The only real downside of 4K is the file size, which is often 5x or more that of a similar 1080p video. So you’ll want to get a 64 GB SD card to ensure you have enough storage space. Shooting at this resolution also does highlight more blemishes and imperfections in the skin. And those aren’t as visible at lower resolutions. So you may have to readjust your lighting to hide these details if you find them problematic.
The first consideration, though, above all else, is sensor size, as it ultimately determines image quality. And if all things are equal, a larger sensor will always outperform a smaller one. So if you want the best image quality available, it’s important to look for a device using a full-frame sensor. There you’ll get the best low light performance, a shallow depth of field, and a better signal-to-noise ratio. Otherwise, for many videographers, an APS-C sensor would be plenty sufficient.
Resolution & Frame Rate
You’ll find most devices offering 4K UHD 30 FPS as their standard maximum. But, you can find plenty of options with the wider 17:9 aspect 4K DCI resolution. And if you look at the higher-end market, you’ll also find some models offer 60 FPS or higher, too. Even so, for most users, 4K UHD 30 FPS is sufficient. And the only real reason to opt for a higher frame rate is if you specifically want to shoot oversampled slow-motion video. Otherwise, there’s no reason to opt for such models as you’ll be paying quite a premium for this capability. So save the money and invest in other accessories instead.
Note: Several devices shoot 4K 60 FPS or higher using the HFR (High Frame Rate) or SNQ (Slow & Quick) Mode. Doing so lets them capture slow-motion video rendered internally. The problem is that these modes only last a few seconds before buffering, so proper timing is key. And they generally result in a loss of image quality and fine detail, as they have low bit rates. Finding a device that records at this frame rate natively will provide better image quality. And it’s something to consider if you want the highest quality recording available and better flexibility.
Bit rate is how much data is encoded or writen per second. The higher the bit rate, the better the final video, so long as all else is equal. Thus, a higher bit rate device will produce better images than one with a lower bit rate. Generally, though, most devices record using 100 Mb/s as standard. Thankfully, you can find plenty of models recording with 400 Mb/s or higher, giving you higher quality footage. Even so, 100 Mb/s is a good balance between image quality and file size. And for most applications, you won’t see the benefit of a higher bit rate, as the differences are subtle.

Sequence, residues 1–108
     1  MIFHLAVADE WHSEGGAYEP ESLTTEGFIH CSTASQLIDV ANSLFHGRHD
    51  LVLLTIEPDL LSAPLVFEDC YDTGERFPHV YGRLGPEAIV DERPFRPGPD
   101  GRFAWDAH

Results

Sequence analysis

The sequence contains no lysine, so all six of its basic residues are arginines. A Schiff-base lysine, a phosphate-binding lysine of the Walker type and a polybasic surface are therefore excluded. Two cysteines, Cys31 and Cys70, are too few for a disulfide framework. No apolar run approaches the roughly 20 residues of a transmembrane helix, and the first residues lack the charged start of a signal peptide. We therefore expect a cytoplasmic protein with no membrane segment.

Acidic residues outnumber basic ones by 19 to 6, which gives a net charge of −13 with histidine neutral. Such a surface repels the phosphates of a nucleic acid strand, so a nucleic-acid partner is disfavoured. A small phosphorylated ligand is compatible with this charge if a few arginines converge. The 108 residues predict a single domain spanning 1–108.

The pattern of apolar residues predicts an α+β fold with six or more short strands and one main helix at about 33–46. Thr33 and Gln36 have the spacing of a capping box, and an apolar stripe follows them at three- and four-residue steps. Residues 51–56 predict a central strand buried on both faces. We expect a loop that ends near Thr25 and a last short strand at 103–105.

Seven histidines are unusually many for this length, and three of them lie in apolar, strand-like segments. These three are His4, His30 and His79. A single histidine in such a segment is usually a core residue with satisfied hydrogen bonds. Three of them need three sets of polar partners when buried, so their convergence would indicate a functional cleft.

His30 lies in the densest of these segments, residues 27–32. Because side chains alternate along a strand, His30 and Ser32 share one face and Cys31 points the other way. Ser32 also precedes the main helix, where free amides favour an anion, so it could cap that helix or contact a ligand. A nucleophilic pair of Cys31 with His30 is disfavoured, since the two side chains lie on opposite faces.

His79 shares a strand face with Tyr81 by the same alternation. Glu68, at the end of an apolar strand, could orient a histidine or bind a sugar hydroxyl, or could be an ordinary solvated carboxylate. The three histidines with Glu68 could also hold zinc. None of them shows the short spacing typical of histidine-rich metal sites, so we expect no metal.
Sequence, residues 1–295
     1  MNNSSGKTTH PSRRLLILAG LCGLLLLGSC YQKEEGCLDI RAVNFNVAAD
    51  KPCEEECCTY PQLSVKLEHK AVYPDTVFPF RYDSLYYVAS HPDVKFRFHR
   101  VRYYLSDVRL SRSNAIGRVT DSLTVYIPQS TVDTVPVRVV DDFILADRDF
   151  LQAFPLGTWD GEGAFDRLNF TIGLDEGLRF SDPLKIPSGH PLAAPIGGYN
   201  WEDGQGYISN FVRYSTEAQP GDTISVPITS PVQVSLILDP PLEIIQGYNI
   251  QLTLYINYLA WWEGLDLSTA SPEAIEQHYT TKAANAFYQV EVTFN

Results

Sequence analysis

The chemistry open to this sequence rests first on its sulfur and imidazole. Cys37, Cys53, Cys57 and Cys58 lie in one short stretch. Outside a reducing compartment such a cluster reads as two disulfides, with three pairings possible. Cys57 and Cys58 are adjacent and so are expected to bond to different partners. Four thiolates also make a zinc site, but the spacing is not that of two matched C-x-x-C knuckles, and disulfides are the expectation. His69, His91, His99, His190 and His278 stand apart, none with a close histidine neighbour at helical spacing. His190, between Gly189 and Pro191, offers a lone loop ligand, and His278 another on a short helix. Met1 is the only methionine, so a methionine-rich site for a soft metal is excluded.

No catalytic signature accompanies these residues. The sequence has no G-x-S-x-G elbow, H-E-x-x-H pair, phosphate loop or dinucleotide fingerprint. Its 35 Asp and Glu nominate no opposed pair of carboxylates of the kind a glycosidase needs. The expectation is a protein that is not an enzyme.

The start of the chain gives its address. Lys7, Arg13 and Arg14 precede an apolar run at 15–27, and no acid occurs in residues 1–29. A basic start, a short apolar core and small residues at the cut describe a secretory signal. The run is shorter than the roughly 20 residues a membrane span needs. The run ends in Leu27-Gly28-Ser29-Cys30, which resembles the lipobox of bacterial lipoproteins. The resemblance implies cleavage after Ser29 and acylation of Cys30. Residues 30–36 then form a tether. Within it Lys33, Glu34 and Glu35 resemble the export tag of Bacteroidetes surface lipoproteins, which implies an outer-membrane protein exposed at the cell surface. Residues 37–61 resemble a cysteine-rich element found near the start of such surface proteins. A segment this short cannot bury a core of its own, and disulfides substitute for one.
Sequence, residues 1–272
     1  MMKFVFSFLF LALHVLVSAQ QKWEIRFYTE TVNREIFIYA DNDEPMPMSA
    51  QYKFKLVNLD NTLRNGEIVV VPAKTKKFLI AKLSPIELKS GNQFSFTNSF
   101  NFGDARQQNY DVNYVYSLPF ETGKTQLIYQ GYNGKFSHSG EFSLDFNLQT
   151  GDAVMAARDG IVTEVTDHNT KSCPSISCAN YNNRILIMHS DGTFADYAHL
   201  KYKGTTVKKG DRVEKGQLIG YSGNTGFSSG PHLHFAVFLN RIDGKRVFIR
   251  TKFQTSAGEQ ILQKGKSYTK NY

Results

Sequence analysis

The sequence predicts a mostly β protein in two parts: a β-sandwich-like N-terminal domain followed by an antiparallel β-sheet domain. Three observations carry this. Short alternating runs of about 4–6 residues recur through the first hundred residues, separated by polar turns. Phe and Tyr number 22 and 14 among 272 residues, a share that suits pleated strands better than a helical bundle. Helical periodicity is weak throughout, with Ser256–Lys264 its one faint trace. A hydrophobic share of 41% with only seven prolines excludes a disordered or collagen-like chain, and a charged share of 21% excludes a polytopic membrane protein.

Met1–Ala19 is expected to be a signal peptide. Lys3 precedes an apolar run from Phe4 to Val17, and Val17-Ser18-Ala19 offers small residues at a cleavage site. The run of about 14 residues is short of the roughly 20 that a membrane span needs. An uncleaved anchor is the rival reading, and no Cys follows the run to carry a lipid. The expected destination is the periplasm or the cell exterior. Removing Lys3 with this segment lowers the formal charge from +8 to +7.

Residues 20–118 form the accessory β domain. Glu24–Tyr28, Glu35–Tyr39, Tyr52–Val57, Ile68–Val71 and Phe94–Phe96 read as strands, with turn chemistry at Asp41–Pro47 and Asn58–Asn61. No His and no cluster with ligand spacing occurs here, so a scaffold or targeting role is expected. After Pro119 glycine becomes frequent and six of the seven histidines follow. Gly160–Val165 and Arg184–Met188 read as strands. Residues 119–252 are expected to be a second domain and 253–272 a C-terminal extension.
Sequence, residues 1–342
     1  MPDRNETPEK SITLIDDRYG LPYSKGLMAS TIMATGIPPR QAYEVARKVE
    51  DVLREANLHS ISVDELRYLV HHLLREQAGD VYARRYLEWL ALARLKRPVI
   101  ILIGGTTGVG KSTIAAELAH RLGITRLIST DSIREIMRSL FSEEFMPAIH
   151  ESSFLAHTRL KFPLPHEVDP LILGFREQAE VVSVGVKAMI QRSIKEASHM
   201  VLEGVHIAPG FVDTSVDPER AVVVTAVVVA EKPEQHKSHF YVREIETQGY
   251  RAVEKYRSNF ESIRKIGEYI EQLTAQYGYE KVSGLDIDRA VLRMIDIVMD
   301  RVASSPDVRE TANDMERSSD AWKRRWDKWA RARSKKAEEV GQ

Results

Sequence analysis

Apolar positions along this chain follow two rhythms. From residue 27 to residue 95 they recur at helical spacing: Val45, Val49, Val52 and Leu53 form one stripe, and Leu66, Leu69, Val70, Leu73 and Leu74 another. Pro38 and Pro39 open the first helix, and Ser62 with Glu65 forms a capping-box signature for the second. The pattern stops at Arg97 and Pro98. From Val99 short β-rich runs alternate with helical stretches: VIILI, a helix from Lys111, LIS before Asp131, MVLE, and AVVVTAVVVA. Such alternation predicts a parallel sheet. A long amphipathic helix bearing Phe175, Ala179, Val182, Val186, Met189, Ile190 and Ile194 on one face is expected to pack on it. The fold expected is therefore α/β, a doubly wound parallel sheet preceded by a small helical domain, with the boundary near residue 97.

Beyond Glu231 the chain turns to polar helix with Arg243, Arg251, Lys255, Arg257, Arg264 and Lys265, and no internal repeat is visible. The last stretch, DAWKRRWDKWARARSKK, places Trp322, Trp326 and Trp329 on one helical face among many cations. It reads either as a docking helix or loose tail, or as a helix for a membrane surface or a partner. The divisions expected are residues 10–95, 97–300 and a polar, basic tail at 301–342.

You can find these devices recording with either 8 or 10-bit. But, 8-bit is the most common. Bit depth is the video’s color range and how many colors are possible in a single image. The higher the bit depth, the more colors are possible and the more nuanced the rendering. For this reason, 10-bit will capture better color shades and hues than 8-bit. So if color grading is an important part of your workflow, look for devices recording with 10-bit color. Otherwise, 8-bit will be enough for most applications.
It’s important to know whether the device you’re considering records at full sensor width or has a crop in 4K. Not all devices create 4K video the same way. And the last thing you want is to have an unwanted magnification when switching from 1080p, as it’ll directly affect framing.
Some devices don’t offer confident autofocusing when recording in 4K. So investigate how the particular device performs when recording at this resolution beforehand.
You may also want to consider opting for a device with a fully articulating screen, as it’ll make framing your video easier.
Flat Picture Profile
Flat color profiles or log profiles capture more data and improve the dynamic range and color fidelity. Doing so gives you more freedom to edit and color grade, bypassing some of the internal limitations. And it’s a good option to look out for if you plan on editing the footage heavily in post-processing.